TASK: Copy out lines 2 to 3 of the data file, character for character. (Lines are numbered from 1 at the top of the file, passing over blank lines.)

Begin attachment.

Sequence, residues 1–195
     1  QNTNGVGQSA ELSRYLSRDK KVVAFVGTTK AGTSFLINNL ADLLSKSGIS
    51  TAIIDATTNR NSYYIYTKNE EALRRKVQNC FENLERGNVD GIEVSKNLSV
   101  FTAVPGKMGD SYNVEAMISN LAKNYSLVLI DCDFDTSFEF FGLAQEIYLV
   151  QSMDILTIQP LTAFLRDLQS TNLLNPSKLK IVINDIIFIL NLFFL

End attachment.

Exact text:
     1  QNTNGVGQSA ELSRYLSRDK KVVAFVGTTK AGTSFLINNL ADLLSKSGIS
    51  TAIIDATTNR NSYYIYTKNE EALRRKVQNC FENLERGNVD GIEVSKNLSV